NZEEL Distinguished Lecture 2013
Professor Joep Sonnemans
In courtrooms you may find two frustrated groups of people: judges and forensic experts. The judges are frustrated because they have to make decisions based on the available evidence, but this evidence is often very technical and statistical – not the kind of text they learned to interpret in law school. The forensic experts who write these reports are, typically, natural scientists who try to be as exact as possible and are frustrated when the judges seem to misunderstand. Judges make errors, but these errors are not easily observed. After an acquittal the case is closed so it is difficult to find out at a later date if the suspect was the perpetrator after all. Only rarely is a convicted suspect found to be innocent. This lack of feedback means a judge can make the same errors during his career without ever knowing. In a laboratory experiment, we can create an environment in which such decisions can be compared with the correct decision. In this way, we can find out what kind of errors are most likely and what we can do about it.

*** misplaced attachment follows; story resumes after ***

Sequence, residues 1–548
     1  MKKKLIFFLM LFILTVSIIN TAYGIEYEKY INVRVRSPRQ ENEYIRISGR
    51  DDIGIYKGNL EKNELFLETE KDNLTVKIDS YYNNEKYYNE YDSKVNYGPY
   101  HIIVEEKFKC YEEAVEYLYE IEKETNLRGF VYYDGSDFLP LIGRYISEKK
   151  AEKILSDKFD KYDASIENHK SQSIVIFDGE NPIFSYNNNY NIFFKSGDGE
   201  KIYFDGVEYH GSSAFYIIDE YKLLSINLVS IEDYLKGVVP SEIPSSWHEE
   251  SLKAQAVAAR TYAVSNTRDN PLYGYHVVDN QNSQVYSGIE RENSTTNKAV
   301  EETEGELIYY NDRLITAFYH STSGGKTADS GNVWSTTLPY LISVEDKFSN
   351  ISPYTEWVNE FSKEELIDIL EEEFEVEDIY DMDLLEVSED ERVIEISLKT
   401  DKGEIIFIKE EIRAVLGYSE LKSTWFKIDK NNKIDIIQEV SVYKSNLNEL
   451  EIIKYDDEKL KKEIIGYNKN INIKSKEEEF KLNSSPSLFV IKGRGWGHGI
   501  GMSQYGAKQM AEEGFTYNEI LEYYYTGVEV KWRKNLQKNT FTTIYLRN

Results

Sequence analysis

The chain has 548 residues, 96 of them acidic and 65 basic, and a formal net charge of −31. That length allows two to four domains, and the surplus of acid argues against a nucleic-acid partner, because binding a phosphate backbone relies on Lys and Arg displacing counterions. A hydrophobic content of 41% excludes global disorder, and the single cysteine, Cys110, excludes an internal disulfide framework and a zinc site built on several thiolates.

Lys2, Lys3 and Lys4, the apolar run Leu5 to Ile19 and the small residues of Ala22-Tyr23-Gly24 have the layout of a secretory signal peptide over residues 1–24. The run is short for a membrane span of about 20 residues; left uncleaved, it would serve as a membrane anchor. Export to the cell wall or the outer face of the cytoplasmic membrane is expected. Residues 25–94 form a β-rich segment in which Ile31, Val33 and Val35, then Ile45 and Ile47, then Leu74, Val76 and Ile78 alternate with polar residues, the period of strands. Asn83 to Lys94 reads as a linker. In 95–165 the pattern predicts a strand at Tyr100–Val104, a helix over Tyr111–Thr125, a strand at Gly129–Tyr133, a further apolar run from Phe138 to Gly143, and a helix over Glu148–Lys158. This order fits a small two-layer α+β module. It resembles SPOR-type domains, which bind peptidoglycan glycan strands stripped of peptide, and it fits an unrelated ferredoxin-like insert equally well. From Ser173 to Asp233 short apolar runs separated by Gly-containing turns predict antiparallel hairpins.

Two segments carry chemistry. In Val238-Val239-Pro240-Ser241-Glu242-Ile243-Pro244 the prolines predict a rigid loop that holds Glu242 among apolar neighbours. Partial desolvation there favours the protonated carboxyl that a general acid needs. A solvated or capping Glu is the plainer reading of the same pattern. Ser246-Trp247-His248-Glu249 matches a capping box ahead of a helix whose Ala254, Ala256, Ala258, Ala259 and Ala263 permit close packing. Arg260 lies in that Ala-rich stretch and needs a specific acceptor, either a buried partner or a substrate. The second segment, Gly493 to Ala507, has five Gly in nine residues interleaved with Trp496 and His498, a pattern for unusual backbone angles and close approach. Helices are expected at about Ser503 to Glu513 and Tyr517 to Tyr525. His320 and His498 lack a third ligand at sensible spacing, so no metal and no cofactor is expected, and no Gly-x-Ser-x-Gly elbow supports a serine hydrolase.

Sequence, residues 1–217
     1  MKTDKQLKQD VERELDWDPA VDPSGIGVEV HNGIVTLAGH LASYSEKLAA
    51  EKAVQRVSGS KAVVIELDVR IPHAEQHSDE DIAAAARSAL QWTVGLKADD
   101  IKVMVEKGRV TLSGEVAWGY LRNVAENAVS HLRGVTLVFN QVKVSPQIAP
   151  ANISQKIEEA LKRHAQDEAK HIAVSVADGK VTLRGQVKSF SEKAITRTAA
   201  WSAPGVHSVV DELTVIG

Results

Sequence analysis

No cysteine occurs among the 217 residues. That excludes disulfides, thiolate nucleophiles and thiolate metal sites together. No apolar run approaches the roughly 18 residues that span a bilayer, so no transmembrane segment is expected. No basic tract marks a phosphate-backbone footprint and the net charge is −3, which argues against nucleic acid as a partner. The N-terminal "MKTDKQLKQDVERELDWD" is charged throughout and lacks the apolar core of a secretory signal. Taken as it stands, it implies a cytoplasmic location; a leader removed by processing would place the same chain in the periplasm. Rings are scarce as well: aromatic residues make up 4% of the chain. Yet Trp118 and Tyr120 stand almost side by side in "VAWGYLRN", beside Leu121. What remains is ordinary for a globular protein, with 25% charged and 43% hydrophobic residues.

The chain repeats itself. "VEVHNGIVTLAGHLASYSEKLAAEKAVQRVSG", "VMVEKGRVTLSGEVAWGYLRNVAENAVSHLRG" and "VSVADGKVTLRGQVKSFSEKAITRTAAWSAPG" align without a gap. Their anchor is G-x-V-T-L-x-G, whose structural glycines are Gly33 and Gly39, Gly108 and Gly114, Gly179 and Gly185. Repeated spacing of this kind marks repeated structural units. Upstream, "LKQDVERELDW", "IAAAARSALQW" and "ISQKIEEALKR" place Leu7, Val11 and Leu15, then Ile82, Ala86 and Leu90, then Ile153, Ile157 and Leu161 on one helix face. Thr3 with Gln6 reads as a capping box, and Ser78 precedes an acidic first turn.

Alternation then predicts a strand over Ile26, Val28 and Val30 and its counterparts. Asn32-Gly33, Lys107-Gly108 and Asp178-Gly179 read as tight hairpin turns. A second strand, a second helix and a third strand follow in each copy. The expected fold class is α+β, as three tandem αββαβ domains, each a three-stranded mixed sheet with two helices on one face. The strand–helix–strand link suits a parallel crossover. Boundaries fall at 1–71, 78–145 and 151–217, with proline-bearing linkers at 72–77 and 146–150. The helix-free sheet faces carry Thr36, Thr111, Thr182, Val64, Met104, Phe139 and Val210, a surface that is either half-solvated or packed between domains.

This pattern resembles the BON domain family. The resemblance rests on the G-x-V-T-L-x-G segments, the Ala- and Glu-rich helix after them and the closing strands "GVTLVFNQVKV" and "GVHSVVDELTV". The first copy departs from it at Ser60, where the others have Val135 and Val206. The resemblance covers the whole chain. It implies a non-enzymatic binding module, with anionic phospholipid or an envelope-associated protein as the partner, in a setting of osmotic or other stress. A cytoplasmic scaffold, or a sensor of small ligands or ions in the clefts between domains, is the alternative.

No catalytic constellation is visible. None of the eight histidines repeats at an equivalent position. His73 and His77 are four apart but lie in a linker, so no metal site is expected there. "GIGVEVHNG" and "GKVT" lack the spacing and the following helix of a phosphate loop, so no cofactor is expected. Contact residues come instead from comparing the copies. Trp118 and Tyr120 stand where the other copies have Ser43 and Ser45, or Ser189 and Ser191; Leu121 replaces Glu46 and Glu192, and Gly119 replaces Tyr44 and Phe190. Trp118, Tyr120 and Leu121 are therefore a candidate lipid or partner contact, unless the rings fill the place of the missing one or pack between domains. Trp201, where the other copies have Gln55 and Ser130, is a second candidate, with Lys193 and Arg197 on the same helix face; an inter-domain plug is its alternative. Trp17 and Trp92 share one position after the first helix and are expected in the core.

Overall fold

Professor Joep Sonnemans graduated in mathematics and social psychology from the University of Utrecht, Netherlands. After working as a researcher on social security at the Ministry of Social Affairs and as a research associate in psychology at the University of Amsterdam(where he obtained his doctorate), he made the move to experimental economics in 1992. He is mainly interested in (experimental) research in which insights from economics and other social sciences (e.g. psychology) are combined or contrasted: expectation formation, bargaining, social behaviour, law & economics and individual search behaviour. He has published about 50 articles in international economic journals.
To attend, please register online through Eventbrite